Cop Killer Micah Johnson Wanted to Bring Gun to Anti-Trump Rally

Last June 17, when organized anti-Trump protesters showed up outside a Donald Trump rally in Dallas, Breitbart, the conservative online news service, described some of the protesters with the headline: “Dallas Anti-Trump Protesters Are Entitled, Vile and Stupid.”

Well, at least Micah Johnson, the shooter who killed five Dallas cops three weeks later, didn’t shoot Trump. For that, we may have longtime civil rights organizer Peter Johnson to thank.

Micah Johnson had asked Peter Johnson — no relation — at an organizing meeting before the Trump rally if he could bring his guns to the Trump protest. Peter Johnson said no.

The demonstration was put together by a handful of veteran Dallas protest leaders including Peter Johnson and former legislator and Dallas City Council member Domingo Garcia. “Domingo and I had said we’re not going to do this until we’re guaranteed that we can control it,” Johnson told me at the long conference table in the front room of his tidy ranch-style home in southwest Dallas a couple of Sundays ago.

“When we were planning the Trump protest,” Johnson said, “a group of young men came to my office, calling themselves the New Black Panthers. Kids. And one of them was the shooter.”

The night after the anti-Trump protest, Johnson, who is in his seventies and still carries internal wounds from a beating he took on “Bloody Sunday,” March 7, 1965, on the Edmund Pettus Bridge in Selma, Alabama, suffered a stroke. That’s why I was at his house on a Sunday. We have known each other for 31 years.

He told me he blames the stroke on the day he spent organizing the Trump protest. “It was extremely hot. I had been out there all day long.”

Walking again, talking, sharp as ever but with a feeding tube in his gut because of a swallowing problem, Johnson is proud of the way the Trump protest went down: “It was peaceful. We had it controlled, with no incidents at all.”

But he was baffled a month later, the week after the police shootings, when Gromer M. Jeffers, politics editor of The Dallas Morning News, called him asking questions about Micah Xavier Johnson, who had murdered five police officers and wounded seven more in downtown Dallas on the night of July 7.

“Gromer called me and said, ‘Peter, we want to talk to you about Micah Johnson.’ I said, ‘Gromer, I don’t know him.’ Gromer said, ‘Yes, you knew him. He came to your office.” Jeffers told him Micah Johnson had asked him about bringing a gun to the Trump protest.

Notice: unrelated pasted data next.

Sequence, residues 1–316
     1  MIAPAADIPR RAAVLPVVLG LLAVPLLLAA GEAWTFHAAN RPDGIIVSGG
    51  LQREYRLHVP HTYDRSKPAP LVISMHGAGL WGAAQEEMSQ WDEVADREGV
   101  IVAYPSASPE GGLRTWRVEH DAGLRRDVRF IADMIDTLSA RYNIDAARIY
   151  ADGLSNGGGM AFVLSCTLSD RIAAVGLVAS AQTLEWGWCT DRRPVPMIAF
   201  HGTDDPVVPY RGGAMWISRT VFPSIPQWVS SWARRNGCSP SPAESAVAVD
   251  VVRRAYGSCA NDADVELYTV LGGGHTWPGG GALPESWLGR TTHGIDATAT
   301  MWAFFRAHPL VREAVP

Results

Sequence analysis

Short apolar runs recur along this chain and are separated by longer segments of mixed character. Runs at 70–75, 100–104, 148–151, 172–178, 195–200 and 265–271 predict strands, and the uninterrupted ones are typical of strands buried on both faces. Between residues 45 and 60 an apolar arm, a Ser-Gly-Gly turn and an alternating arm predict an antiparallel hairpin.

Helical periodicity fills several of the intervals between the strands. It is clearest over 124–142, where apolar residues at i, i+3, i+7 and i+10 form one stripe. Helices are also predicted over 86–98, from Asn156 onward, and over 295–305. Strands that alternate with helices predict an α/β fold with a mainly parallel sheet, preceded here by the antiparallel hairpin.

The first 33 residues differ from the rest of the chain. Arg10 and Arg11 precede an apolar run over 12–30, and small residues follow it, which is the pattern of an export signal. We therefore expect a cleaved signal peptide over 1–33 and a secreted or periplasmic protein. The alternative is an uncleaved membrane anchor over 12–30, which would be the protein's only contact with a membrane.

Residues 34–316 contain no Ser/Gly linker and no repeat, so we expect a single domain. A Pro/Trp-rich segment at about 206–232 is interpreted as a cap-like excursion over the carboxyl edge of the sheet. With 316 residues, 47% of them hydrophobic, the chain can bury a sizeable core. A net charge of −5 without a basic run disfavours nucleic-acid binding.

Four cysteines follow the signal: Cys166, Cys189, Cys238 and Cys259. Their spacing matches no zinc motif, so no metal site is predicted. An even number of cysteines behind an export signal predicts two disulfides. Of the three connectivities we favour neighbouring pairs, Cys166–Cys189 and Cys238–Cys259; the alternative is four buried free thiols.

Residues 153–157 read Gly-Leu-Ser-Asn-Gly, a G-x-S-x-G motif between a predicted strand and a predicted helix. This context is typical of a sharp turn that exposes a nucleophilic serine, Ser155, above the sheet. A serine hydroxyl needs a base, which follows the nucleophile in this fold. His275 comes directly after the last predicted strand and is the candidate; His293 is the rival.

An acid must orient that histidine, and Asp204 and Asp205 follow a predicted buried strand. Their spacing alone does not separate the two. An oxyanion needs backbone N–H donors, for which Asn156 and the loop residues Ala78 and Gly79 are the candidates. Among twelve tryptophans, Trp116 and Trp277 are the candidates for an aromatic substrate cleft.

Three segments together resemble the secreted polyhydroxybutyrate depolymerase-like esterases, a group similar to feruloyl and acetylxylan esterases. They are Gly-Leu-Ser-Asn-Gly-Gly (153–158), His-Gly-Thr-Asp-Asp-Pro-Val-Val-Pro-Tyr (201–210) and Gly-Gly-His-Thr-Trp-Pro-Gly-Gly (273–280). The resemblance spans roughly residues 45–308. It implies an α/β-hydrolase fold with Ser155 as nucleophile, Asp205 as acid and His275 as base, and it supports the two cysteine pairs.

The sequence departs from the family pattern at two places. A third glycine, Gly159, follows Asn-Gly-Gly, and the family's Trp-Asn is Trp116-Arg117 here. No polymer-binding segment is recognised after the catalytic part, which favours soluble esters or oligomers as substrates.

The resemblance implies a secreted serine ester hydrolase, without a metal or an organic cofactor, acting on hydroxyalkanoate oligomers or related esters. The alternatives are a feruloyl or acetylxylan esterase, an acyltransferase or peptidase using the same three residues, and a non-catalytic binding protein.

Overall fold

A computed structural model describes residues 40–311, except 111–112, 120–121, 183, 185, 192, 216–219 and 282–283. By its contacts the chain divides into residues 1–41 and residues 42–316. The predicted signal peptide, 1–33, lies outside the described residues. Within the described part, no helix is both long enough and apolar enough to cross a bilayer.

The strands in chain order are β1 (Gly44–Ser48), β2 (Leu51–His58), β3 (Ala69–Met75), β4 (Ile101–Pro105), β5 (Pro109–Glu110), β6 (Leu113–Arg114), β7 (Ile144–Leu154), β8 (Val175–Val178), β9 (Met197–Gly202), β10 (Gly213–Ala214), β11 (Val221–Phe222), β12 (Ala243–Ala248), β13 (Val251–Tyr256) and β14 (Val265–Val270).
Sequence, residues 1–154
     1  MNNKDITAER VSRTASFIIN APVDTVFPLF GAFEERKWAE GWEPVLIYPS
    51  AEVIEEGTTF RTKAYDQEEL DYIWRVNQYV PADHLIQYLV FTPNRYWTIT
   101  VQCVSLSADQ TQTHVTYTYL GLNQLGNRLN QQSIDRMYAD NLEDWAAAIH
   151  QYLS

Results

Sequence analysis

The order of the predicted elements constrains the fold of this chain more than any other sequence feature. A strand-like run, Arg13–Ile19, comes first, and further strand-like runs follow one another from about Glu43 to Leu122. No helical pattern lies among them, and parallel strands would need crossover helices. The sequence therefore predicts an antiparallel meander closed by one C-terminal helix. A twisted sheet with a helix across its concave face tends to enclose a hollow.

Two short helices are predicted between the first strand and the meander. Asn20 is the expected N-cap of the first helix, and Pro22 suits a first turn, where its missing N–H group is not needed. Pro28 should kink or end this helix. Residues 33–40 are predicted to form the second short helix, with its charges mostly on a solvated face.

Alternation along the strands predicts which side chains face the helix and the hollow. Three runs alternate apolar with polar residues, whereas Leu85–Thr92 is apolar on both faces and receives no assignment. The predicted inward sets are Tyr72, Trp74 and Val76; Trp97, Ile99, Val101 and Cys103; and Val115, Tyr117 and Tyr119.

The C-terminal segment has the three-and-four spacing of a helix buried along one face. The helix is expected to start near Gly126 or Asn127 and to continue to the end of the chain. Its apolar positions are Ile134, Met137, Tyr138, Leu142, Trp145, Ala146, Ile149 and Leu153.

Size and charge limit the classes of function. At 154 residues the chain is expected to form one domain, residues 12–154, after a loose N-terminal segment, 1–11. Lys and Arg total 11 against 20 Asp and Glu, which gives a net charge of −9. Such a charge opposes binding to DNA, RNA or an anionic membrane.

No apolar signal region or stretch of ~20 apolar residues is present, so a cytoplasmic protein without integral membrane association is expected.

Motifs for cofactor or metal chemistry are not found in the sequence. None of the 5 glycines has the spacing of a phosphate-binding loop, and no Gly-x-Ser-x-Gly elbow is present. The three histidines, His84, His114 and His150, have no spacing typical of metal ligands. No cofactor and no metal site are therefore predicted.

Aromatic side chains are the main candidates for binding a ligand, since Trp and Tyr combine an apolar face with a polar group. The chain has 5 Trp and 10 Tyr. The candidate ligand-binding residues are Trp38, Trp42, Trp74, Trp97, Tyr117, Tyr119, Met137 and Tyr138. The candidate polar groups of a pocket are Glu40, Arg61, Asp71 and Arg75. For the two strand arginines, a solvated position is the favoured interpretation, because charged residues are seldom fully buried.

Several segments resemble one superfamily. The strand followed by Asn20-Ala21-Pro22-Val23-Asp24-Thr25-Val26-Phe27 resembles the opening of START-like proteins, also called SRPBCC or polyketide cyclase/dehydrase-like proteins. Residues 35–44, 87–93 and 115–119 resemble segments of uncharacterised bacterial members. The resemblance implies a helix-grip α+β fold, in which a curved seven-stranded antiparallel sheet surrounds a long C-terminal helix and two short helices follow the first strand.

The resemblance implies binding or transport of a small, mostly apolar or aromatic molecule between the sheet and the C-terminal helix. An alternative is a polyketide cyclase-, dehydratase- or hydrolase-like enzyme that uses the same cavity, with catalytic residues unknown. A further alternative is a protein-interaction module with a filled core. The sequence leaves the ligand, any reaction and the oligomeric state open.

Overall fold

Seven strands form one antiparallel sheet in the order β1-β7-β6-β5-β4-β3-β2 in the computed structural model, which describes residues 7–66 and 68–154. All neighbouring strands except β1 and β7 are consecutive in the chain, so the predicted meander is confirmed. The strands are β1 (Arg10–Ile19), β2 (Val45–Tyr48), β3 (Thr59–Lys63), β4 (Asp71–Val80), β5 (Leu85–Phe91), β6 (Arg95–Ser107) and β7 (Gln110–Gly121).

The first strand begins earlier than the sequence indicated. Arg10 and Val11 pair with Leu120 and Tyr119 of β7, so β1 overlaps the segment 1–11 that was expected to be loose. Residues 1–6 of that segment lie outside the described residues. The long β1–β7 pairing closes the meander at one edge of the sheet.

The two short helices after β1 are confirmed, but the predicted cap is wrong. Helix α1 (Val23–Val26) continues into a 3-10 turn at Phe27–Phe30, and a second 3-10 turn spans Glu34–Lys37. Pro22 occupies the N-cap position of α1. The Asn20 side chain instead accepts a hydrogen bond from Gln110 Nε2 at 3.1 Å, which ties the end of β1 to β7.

Then it came back to him. He did remember Micah Johnson sitting at his conference table and asking about bringing guns. “We were talking to these kids about protest and peaceful protest. I said, ‘You just can’t bring guns, son.’ I never discussed it with him.”

So now at this distance in time, knowing who he was and is, I asked Peter Johnson if he could put Micah Johnson into any kind of context for me. I knew he couldn’t explain Micah Johnson, the man, because he didn’t know him. I was reaching more for some sort of answer that might help me understand what’s going on.

“In all the inner cities around America, from Harlem to Watts,” he told me, “there are tens of thousands of Micah Johnsons that are fed up.
“One of the things that black America knows is that police officers who kill unarmed black people aren’t going to be prosecuted. If you want to be angry with somebody about Micah Johnson, you need to be angry with the grand juries for not indicting police officers and angry with the prosecutors for not prosecuting them."

“I grew up in the country. See, what you plant, that’s what grows. If you plant tomatoes, you can’t get okra out of it. What has been planted in the minds of American black people is that white police officers can kill you.

“The only difference today from yesterday is video. This is something as a people we have always known, that we have accepted as reality.

“Now you have a generation of nihilists. It’s a philosophical term which means basically that they don’t give a fuck about living, dying, going to jail, not going to jail. We have a whole generation of nihilistic young men and women. They don’t see a future in America.

“Their anger and their despair have turned into nihilism. Nobody, the chief of police, the mayor, the religious leaders with their kumbaya, holding hands and singing, have discussed the fact that what created this is the inability to prosecute Dallas police officers and American police officers for killing unarmed black people.”

I asked him if that despair among young people could be organized into a productive coherent political movement. Johnson, who was at Martin Luther King Jr.’s side for much of the Civil Rights Movement, told me, no.  

“The despair is too deep. I could come into black Dallas 50 years ago and organize the black community to boycott Safeway in spite of the [conservative] negro leaders, because the deep, deep despair and hopelessness did not exist.